When you agree on your team values, you increase trust and create a language for more effectively working together.
Values are deeply held beliefs about what is right and good and evoke standards that you care deeply about. They drive your behaviors and decisions.
Most often your values influence your behavior unconsciously. High performance teams are clear about their values and consciously make decisions based on them.
If your organization has published values, it is still helpful to identify team values that are specific to the needs and purpose of your team. It’s okay if they are not the same, as long as they are aligned and don’t conflict.
If your organization has not articulated values, it is even more important to identify team values.
The Conversation Matters.
To be effective, the team leader cannot identify team values and simply announce or publish them.
It is only through conversation that your team will get clear about what the values mean and how they can be applied to improve team effectiveness.
A value like “shared responsibility” can mean different things to different people. To one person it might mean picking up the ball when someone drops it. To another person it might mean punctuality in meeting deadlines that impact others.
The best way to explain your values is to include some examples of what the value looks like in action.
For example, one of our Seapoint Center values is collaboration. But that’s only a word. A definition could be helpful, but we still might have different ideas about what the day-to-day behaviors are. During a team discussion, we each shared our thoughts on what collaboration looks like in action. We then agreed on these four examples:
• Engage through bringing our expertise and utilizing the expertise of others.
• Seek new ideas and approaches.
• Assume responsibility to communicate in ways that can be heard and understood.
• Embrace diversity and actively seek to understand all perspectives.
During our discussion, we had some very helpful conversations about what was currently working well and what needed to change – a reminder that the conversation matters.
You Have to Choose.
Choose only the top 3-5 values that are most important to supporting your team’s purpose. Don’t create a laundry list.
Most people can only remember up to five values. If you want to keep your team values in mind on a daily basis, you need to be able to remember them.
If you are a sitcom writing team, “fun” might be on your list. If your team is the accounting department, “accuracy” might be on your list. People in the accounting department can still have fun, in fact they should, but it doesn’t need to be on the list because it isn’t a key driver for successfully fulfilling the mission.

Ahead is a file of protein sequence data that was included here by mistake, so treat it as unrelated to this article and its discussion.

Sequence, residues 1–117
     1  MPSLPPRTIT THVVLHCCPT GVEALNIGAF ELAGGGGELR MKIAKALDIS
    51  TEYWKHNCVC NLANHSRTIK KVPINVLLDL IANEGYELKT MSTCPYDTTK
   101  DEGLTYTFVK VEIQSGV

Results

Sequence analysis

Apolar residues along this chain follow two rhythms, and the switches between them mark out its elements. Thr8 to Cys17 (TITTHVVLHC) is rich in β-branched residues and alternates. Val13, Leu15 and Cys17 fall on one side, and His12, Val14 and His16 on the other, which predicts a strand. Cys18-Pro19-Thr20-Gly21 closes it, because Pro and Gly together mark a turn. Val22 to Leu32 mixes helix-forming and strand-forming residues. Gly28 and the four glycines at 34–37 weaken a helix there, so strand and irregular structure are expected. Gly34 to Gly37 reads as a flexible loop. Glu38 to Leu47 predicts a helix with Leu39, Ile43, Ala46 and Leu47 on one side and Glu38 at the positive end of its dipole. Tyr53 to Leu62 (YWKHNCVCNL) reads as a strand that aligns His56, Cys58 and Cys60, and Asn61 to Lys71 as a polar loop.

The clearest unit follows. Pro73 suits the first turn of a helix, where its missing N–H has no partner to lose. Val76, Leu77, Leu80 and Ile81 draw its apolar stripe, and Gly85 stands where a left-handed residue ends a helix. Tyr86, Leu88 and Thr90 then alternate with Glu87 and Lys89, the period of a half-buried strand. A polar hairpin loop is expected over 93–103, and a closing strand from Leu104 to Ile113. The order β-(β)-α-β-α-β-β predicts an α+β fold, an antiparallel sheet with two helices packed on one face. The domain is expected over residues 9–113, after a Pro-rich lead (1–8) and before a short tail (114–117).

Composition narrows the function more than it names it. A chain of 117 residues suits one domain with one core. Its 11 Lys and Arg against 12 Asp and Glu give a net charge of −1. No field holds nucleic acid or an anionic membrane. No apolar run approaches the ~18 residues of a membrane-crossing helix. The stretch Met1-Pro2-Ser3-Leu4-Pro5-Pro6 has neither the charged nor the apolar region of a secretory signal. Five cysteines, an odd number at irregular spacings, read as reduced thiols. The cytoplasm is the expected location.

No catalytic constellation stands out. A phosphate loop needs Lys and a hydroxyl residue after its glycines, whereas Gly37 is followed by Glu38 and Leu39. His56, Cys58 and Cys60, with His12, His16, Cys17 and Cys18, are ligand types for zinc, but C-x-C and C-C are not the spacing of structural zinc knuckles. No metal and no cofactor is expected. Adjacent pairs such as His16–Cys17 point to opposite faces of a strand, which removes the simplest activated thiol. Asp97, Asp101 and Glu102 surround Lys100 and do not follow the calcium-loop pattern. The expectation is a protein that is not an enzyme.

Although it’s tempting to combine values so you can get more on the list, the discipline of identifying the top values will help your team get focused and more clear about the non-negotiables.
Don’t Frame and Forget Them.
Once your values are agreed upon and clearly articulated, you have a language. It makes it easier to talk about things people are doing that feel off-base. And while you don’t want to have “values police,” it is helpful to have regular conversations about “how are we doing?”
Most importantly, don’t ignore a values breach. If a core value has been violated, address it immediately or trust will fly out the window, and your espoused values will become meaningless.
Our organization (fire department) has a set of Values and Expectations, which has turned out to be a long list. We are in the process of reviewing them and this post is very valuable and timely. One thing we found when we developed the Values and Expectations (a long, involved and global conversation) was that the younger employees tended to disdain the process (it took 2 hours to get them to talk about this), while the older employees embraced it. The former thought it was “just another stick to beat us over the head,” which indicated to me that we had some trust issues.
Thanks for the timely post!
Hi Dave, Glad to hear this post will be helpful as you review and revise your values. I wonder if the younger employees believe their values are different from the older ones. I have a few of thoughts to consider. You might want to start with individuals identifying their top 5 personal values and sharing them. Is there really a difference in values between the generations or are people more unified than they realized? If there are differences, then it is worth spending time to really understand them – exactly what they mean and why they are important. Are there values you can support even though they’re not top of your list? (this is a question for everyone, but especially for the older generation who tend to hold the power positions). If everyone has an opportunity to participate in the discussion, they become the team values, not the leader’s values.